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Iowa Soybean Association launches research center for farming innovation


Iowa Correspondent

ANKENY, Iowa – In a concerted effort to help growers boost soybean productivity through improved data, information and decision tools related to agronomics and conservation, the Iowa Soybean Assoc. (ISA) has announced its launch of the Research Center for Farming Innovation.

Funded in part by the Soybean Checkoff, the center’s goal is to deliver “the very best farmer-led research combining agronomic, conservation and analytics tailored for soybean farmers,” according to ISA officials.

“Our expertise, experience, expansive data sets and farmer-focused approach are unique in providing value to Iowa soybean farmers because of the investment made by Iowa soybean farmers,” said Ed Anderson, ISA senior research director, and executive director of the North Central Soybean Research Program, who will oversee the new center.

Housed in the ISA, the center will integrate and focus on what were once the On-Farm Network, Environmental Programs and Services and Analytics programs to better serve Iowa’s 40,000 soybean growers, Anderson said.

“We decided we had a great opportunity to integrate the two into one,” he told Farm World. “We were the first to do on-farm resolution. The analytics team has really taken all the data from in-field resolution to build robust models for managing risk and making good management decisions.

“We wanted to help farmers find agronomic solutions for their bottom lines and productivity, and to move to the next level,” he said, adding, “there really isn’t anyone doing this in one coordinated effort. “We’re uniquely positioned to deliver innovative and transformational research, tools and technical assistance that can only be found at the center.”

In addition to more comprehensively serving soybean producers, the center also:

·       Leverages soybean checkoff investments with additional non-checkoff sources

·       Strengthens partner relationships with Iowa State University (ISU)’s Soybean Research Center and the Iowa Nutrient Research Center

·       Collaborates with other farm and commodity organizations, state and local agencies and companies engaged in seed, crop protection, precision and digital agriculture

·       Broadly accelerates farming advances for profitability and sustainability

Tim Bardole, ISA president and Rippey, Iowa, farmer, said the ISA’s new approach to production and conservation research brings greater value by tailoring data for the unique geographic and agronomic settings of each operation.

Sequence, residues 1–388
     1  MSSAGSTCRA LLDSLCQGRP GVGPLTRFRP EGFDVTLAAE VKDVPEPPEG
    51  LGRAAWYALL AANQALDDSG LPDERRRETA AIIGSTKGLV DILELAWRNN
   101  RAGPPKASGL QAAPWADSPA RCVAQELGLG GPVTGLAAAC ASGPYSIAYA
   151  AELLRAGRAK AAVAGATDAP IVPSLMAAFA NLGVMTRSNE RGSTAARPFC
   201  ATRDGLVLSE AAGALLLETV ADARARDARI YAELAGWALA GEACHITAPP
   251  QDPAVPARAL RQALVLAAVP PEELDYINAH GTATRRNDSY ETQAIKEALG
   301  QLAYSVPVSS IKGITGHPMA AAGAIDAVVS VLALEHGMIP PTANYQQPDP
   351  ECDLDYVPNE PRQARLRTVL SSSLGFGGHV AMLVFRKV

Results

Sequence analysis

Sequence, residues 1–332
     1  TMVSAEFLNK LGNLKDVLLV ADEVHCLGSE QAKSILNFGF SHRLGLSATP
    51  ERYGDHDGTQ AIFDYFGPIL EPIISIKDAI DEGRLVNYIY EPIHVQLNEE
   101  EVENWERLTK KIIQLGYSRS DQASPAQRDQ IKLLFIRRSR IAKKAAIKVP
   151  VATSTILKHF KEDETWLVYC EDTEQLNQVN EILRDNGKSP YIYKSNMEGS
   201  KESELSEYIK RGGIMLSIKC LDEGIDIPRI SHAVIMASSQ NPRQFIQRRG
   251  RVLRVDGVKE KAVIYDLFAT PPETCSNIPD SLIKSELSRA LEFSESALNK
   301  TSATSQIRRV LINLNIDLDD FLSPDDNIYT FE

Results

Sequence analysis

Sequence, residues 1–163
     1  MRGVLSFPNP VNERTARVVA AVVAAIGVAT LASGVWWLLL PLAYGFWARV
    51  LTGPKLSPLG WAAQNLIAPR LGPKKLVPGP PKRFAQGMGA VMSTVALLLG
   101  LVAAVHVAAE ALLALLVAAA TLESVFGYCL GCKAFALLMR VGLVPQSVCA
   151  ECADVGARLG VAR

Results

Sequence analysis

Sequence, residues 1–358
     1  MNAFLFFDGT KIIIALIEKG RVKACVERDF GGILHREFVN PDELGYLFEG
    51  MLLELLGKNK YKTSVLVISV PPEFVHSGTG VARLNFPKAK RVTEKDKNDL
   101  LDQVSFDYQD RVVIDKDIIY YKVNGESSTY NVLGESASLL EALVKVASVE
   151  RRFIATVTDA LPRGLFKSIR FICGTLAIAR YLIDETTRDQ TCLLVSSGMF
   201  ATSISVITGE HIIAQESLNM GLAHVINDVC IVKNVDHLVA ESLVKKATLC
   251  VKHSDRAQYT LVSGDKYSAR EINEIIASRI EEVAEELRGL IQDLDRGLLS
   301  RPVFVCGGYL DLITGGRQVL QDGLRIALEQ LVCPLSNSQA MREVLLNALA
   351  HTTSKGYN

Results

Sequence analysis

“There’s never a one-size-fits-all approach,” he said. “Each farm has unique circumstances that require an individualized plan of action. We are positioned to deliver insights and recommendations for agronomy, conservation, natural resource management, engineering and data analytics for the individual farmer.” 

Anderson said, overall, the center is poised to assist farmers considering big picture operational decisions for short- and long-term profitability with a suite of research and decision-making tools. Moreover, ISA researchers help farmers take a programmatic approach to continuously improve their overall operations with an eye on maximizing economic returns.

He added this holistic approach to soybean research is about developing systems and practices that are more profitable, resilient and sustainable.

“We’re excited about the future, and enabling farmers to thrive, despite the challenges and uncertainties that accompany every growing season,” he said.

He added the center has already planned a lot of farmer group meetings. 

“We want to gather them together and ask for their input,” he said. “We’ll look at podcasts videos, and webinars.”

He said the ISA hosts one to four interns during the summer and will invite them to apply to work in the center, focusing on their individual career interests in farming innovation.  

“We partner very closely with Iowa State University,” he said. “Internships will be with the Iowa Soybean Research Center, and Iowa Nutrient Research Center.”

In addition, Anderson said the center will leverage checkoff dollars with non-checkoff dollars. 

“Our current funding is about a 2-to-1 ratio,” he said. “We’d like to ramp that up to (a 5-to-1 ratio). We’ll be pursuing grants at the federal level, and we’ll be pursuing foundations (for additional support). 

“We work with and on behalf of farmers,” he added. “The first focus is on Iowa soybean farmers. We listen to them and engage with them first and foremost. Engagement, outreach and communication will be critical.”